Third, I strongly recommend seeking opportunities to develop your own management style. You look in corporate America across the board and a lot of times, people are elevated because they’re doers. They’re workers. They really haven’t developed their management style. They’re thrust into management positions, and they have no idea what they’re doing. I think to the extent you can put yourself in real-world situations ,where you can develop your own management style is really important, and I think is the difference between being here and ultimately being an executive. It’s one thing to manage your singular boat to success. It’s another thing to manage a ship. Someone who can manage a ship to great success has a really, really bright future. The industry needs people who are committed to being effective and quality managers.
Lastly, stay true to who you are. I mentioned it early on. I was in the rat race in New York for 15 years. I commuted two and a half hours a day, an hour and 15 minutes door to door. I was able to make it work. It wasn’t easy, but I can’t tell you how many people I commuted with that didn’t see their family, tet alone their kids Monday through Friday. For me, that wasn’t an option. Staying true to who you are and for me, without question, the No. 1 priority is my family. You would potentially not know that based on how hard I work and the fact that I just came back from a redeye, but it can be done and understanding what’s important to you, being disciplined and staying true to that in this crazy rat race of an industry we’re in I think is really important.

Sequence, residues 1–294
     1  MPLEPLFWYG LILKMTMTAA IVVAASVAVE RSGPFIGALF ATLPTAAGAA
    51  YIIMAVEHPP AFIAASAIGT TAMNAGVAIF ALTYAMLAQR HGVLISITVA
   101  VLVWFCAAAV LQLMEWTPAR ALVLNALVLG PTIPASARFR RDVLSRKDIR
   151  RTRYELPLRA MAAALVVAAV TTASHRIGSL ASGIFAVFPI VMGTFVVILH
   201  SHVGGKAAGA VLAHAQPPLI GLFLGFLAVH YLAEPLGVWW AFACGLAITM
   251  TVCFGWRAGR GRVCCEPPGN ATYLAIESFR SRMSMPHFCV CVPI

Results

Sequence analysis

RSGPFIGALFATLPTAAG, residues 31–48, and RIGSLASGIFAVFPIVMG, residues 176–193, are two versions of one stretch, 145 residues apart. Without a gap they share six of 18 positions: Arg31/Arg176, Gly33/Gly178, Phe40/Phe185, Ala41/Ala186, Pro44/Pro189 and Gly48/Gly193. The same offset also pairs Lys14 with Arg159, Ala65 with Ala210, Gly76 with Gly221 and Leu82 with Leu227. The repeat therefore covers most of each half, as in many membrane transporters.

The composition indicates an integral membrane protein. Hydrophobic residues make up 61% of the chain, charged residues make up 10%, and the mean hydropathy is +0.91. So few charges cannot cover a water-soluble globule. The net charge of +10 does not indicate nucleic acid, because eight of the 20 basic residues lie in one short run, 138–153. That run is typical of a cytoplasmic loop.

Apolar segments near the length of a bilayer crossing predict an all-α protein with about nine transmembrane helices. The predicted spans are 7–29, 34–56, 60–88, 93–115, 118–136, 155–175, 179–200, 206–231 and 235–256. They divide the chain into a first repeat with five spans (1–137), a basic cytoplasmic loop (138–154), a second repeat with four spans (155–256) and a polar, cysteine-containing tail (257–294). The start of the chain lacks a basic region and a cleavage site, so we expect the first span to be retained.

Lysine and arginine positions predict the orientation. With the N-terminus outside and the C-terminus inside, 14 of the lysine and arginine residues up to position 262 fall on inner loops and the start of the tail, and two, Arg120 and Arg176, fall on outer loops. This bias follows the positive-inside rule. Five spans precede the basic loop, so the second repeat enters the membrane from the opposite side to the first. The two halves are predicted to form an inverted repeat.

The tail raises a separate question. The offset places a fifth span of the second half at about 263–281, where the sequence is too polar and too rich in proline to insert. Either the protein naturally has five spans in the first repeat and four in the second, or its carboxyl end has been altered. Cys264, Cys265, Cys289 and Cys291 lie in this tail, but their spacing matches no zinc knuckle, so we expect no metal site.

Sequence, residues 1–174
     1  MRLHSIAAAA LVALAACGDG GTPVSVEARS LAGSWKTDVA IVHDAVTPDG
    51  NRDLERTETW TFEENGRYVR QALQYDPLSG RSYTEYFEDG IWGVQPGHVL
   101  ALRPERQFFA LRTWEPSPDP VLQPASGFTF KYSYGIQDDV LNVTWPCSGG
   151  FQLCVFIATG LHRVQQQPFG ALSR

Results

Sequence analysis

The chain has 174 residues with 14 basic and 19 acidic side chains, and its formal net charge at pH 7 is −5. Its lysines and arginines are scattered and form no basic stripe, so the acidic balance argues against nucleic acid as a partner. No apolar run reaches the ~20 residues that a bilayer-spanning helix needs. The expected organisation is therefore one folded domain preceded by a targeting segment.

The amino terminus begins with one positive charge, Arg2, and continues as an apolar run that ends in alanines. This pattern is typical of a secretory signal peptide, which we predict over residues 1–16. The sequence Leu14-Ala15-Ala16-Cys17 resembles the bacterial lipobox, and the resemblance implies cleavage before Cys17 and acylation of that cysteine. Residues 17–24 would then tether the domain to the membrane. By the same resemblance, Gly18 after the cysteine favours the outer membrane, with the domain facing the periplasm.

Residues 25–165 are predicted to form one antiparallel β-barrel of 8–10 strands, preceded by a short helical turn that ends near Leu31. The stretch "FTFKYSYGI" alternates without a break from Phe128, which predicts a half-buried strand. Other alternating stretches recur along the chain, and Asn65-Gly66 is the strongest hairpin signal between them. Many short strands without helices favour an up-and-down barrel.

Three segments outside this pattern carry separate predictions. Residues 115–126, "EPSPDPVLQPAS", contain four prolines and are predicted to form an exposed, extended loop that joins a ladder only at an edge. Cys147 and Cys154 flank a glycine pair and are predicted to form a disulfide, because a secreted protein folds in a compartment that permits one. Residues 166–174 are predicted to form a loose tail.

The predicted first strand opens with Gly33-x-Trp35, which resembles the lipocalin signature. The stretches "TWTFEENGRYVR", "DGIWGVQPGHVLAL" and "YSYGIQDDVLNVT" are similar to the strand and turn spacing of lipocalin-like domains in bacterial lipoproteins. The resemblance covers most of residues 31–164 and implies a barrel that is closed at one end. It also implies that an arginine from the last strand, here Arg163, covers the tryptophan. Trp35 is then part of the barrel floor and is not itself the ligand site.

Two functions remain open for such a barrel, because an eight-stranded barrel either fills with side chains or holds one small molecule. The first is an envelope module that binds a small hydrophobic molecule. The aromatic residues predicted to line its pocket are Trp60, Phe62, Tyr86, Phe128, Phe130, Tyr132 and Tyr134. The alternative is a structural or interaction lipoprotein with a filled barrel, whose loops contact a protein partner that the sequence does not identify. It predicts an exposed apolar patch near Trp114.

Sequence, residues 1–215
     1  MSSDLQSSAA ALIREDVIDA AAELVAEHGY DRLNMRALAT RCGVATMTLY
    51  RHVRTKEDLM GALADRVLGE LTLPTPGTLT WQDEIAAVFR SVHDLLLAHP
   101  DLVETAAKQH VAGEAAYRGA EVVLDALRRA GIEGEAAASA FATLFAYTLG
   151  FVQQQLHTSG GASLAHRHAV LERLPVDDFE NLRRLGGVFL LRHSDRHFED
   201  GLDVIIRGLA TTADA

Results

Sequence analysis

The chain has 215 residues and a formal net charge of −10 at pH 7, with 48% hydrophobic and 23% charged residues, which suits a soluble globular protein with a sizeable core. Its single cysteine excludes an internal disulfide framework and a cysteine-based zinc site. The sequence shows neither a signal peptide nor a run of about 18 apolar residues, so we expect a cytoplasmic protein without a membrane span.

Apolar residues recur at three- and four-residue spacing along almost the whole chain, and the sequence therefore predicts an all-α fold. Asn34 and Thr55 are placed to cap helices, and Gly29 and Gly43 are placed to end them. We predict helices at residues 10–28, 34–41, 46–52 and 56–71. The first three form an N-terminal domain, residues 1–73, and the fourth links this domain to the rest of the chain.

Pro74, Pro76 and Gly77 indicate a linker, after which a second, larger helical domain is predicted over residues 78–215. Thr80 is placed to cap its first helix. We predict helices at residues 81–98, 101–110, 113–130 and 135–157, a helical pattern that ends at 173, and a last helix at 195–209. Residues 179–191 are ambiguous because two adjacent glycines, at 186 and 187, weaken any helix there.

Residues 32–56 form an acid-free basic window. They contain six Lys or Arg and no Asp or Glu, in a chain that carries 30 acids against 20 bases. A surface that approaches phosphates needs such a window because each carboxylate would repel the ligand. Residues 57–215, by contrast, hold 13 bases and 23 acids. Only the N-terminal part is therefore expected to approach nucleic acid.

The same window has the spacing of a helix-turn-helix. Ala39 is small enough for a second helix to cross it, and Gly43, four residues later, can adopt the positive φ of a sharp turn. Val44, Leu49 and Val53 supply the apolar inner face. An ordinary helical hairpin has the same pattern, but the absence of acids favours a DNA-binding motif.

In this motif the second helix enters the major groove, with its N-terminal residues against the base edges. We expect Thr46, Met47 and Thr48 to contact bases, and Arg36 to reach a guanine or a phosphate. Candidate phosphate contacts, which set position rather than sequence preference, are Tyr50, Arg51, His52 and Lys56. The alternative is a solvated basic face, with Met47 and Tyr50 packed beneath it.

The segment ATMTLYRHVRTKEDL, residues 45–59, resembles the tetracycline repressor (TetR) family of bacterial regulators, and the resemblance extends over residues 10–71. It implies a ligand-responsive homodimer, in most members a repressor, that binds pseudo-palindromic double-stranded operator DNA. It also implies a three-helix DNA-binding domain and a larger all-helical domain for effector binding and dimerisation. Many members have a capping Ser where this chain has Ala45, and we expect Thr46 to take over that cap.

I’ve seen all too many people get sucked in and then 20 years later they’re like, ‘What just happened? My kids are off in college and I missed it’. Understanding what’s important for you. For me, it’s family. For you, it could be your religious beliefs. It could be working out. It could be reading books. It could be eating healthy. Whatever it is, stay true to that because it is possible. You can have both. You can have an incredibly successful career in the sport and entertainment space, while still being true to what matters most, which is being authentically you.